20. Heat and Temperature

Specific Heat & Temperature Changes

# Specific Heat & Temperature Changes

Patrick Ford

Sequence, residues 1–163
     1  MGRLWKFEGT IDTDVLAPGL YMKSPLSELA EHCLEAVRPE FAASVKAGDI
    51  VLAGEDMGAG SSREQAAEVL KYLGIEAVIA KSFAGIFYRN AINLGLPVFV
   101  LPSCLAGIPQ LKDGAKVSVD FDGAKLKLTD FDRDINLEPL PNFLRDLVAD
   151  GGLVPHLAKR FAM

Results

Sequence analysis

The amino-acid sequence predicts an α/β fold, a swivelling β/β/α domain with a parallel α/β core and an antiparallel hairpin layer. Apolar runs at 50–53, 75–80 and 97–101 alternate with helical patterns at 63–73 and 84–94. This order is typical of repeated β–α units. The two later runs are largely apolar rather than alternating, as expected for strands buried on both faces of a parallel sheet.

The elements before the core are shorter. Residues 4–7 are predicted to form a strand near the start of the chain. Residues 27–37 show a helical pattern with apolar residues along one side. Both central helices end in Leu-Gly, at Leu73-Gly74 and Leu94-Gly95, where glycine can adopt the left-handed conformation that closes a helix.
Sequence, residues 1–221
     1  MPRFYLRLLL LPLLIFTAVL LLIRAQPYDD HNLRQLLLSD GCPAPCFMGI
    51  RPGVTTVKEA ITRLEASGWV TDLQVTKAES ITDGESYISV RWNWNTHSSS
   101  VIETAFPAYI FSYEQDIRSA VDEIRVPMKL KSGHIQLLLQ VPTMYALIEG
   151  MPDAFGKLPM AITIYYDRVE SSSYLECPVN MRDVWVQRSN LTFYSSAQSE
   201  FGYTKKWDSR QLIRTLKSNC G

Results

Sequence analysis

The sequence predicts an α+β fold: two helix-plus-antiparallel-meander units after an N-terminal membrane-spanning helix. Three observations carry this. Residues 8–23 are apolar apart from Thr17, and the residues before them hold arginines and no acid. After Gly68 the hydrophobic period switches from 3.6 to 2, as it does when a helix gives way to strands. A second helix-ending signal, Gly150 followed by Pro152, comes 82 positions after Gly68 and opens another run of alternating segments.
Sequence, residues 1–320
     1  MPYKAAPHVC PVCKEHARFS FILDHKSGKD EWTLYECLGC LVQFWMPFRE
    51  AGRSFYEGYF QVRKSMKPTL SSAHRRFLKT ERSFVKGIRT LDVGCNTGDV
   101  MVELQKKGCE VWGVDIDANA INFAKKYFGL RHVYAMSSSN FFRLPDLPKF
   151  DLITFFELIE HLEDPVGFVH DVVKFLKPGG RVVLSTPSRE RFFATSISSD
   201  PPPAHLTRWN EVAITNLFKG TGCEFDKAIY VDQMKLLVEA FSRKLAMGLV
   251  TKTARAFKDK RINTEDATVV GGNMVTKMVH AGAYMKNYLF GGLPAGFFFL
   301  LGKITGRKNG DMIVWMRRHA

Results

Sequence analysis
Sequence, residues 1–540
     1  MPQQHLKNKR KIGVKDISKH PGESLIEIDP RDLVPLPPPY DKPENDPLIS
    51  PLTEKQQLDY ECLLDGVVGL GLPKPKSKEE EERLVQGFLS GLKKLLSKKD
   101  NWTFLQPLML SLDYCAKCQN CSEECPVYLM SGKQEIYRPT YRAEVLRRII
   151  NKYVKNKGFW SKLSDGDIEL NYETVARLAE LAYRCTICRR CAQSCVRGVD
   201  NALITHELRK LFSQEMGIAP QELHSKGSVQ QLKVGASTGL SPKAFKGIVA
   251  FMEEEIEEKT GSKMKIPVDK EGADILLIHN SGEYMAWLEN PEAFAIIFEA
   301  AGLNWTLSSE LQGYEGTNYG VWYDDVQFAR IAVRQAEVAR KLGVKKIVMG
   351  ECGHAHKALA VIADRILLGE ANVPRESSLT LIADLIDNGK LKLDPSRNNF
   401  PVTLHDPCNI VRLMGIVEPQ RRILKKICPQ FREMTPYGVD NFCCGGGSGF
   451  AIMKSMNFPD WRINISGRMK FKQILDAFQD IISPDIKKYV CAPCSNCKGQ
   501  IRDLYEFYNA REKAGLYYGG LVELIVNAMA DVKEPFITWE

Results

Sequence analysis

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Hey guys. So in earlier videos, we talked about temperature in this video, I'm gonna show you a related idea of thermodynamics called heat and the role that he plays in changing the temperature of an object. We're also gonna talk about something called the specific heat. And I'm gonna show you a very straightforward equation that you absolutely need to know. Let's check this out here. So before we go any further, I want to talk about heat and temperature. These are two words that we use sort of interchangeably in everyday life. So we say things like I can't stand the heat, it's unbearable. What we actually mean is that we can't stand the temperature aware of what we are. But these things have very specific definitions of physics that you need to know. Let's talk about temperature. We've actually already talked about temperature before, given by the letter T. It's kind of just the measure measure of the kinetic energy of the molecules that make up a substance. Kind of a measure of how hot or cold something is or feels. So the idea here is that these two substances, and if these molecules are moving faster, they're going faster. They have more kinetic energy and therefore the temperature is higher, like 20 degrees Celsius versus 10 for a colder object. So, that's temperature. Heat on the other hand, is a little bit different. Heat is given by the letter Q. And what he is is it's a transfer of energy. It's a transfer of energy between two materials that is caused by a difference in temperature. So here's the idea these two substances over here. Both have their own individual temperatures. One is at 20 and then one is at 10. So, those temperatures are different. And so because of that difference in temperature, it's gonna cause energy to be transferred between these two materials. That's what he is. So, the analogy that I like to use is that temperature is like kinetic energy, or just energy in general. An object can have energy. And heat, on the other hand, is kind of like work. An object can't have work. Work is something that is transferred or done between two objects, and that's exactly what heat is transferred. That's caused by temperature difference. Now, what's important about heat is that it has a direction heat always flows from hotter two colder substances. So, this heat that gets transferred, this Q has a direction it always flows from hotter to colder. It's basically always goes from high to low temperature. Just like a lot of things in physics go from sort of high to low. It's the same idea here. And they're basically they're going to continue exchanging this energy heat is going to continue flowing from the hotter to the colder until they reach what's called thermal equilibrium. So, you can imagine that these two things, one that 21 is at 10 when you mix them together, eventually they'll reach an equilibrium temperature that is 15 degrees Celsius. Just making that up here. And then what happens is that when they reach this equal the Q. Is equal to zero. There's no more heat transfer anymore. All right, So now that we know what heat is. Let's talk more specifically about what heat does. Because you're gonna need to know the equation that relates this heat with the temperature change. So when a material absorbs heat like plus Q. Or loses heat minus Q. It's gonna change temperature. So the idea here is that if you took water and heated it from 0 to 10°C, you had to put in some heat in order to do that in order to increase its temperature. But you can also change objects phase. Now, we're only gonna talk about temperature in this video. We're gonna talk about phase in a later one. All you need to know for now is that phase is kind of like solids, liquids and gasses is like the states of matter. And if you input energy, you can also change the phase of an object. So, for example, if you stuck ice in a microwave, you would change the temperature that ice. But also at a certain point you're gonna melt the ice into water. It's gonna change from solid to liquid. Now, we're going to talk specifically about the change in temperature equation over here, the equation for this is Q equals M. C. Times delta T. This is sometimes referred to as the M. Cat equation because if you imagine that this delta sign sort of grows legs. That kind of looks like the word M. Cat. Right? So the M. Is the mass of the object. That DELTA T. Is the change in the temperature. And this variable this letter C. Here is something called the specific heat of the material. Here are the units for the specific heat. And one way you can think about the specific it is, it's kind of like a measure of thermal inertia. Remember that inertia is like a resistance to change this thermal inertia is the resistance of changes in temperature. You can think about it is how hard it is to change temperature from any heat that is gained or lost if you ever need this C. Variable there is constant. It's going to be given to you because it's basically just has to do with the material that is involved. And the idea here is that if the sea is higher for higher values of C, it's more difficult to change temperature for the same amount of heat basically if you're see is higher than you need more Q. In order to change in objects temperature. Alright, so here's actually some examples. So I've actually got some substances down here with some pre some common ones with their specific heats. So for example copper, iron and lead all have specific heats that are sort of in the hundreds but ice and water have specific heats that are in the thousands. So they're much much higher than metals. This kind of makes sense if you take an iron skillet and you put it on the stove, it's gonna heat up very, very quickly. But then the water that you put into the pot pot or something like that to boil it, it takes a long time for it to change temperature. Alright, so let's go ahead and get to our example here. So we've got um the heat required to raise the temperature of 50 g of water from 40 to 55. So we've got the mass which is equal to 0.5. And we've got the specific heat, let's see actually we're going from a to temperature that's 10 knots equals 40 degrees and to a T. Final of 55 degrees Celsius. We also know that we're dealing with water. So the specific heat of water that we're gonna use this is C. W. I'm just gonna call this is 41 86 that's the these are the units right here, just in case you need them. So with that being said, how much heat do we need? Well this is just Q. Equals M. C. Times delta T. So we have em we have the C. For water and all we need to do is just figure out the change in the temperature. So we were told that we're going from 40 over to 55 degrees Celsius. So the idea here is does delta T actually equal 15? And the answer is yes, because remember Delta T in Celsius is the same thing as delta T in kelvin. So if you're calculating the deltas, it actually doesn't matter if you were to convert these things to kelvin, the difference would still be 15. So it actually doesn't matter which one you plug in. So the idea here is we have Q equals this is 0.05 times 41 86. And then we're gonna multiply this by 15 and what you should you should get 3140 jewels. So thats how much heat it takes in order to raise the temperature of this amount of amount of water by 15°C. That's that's it for this one. Guys, let me know if you have any questions.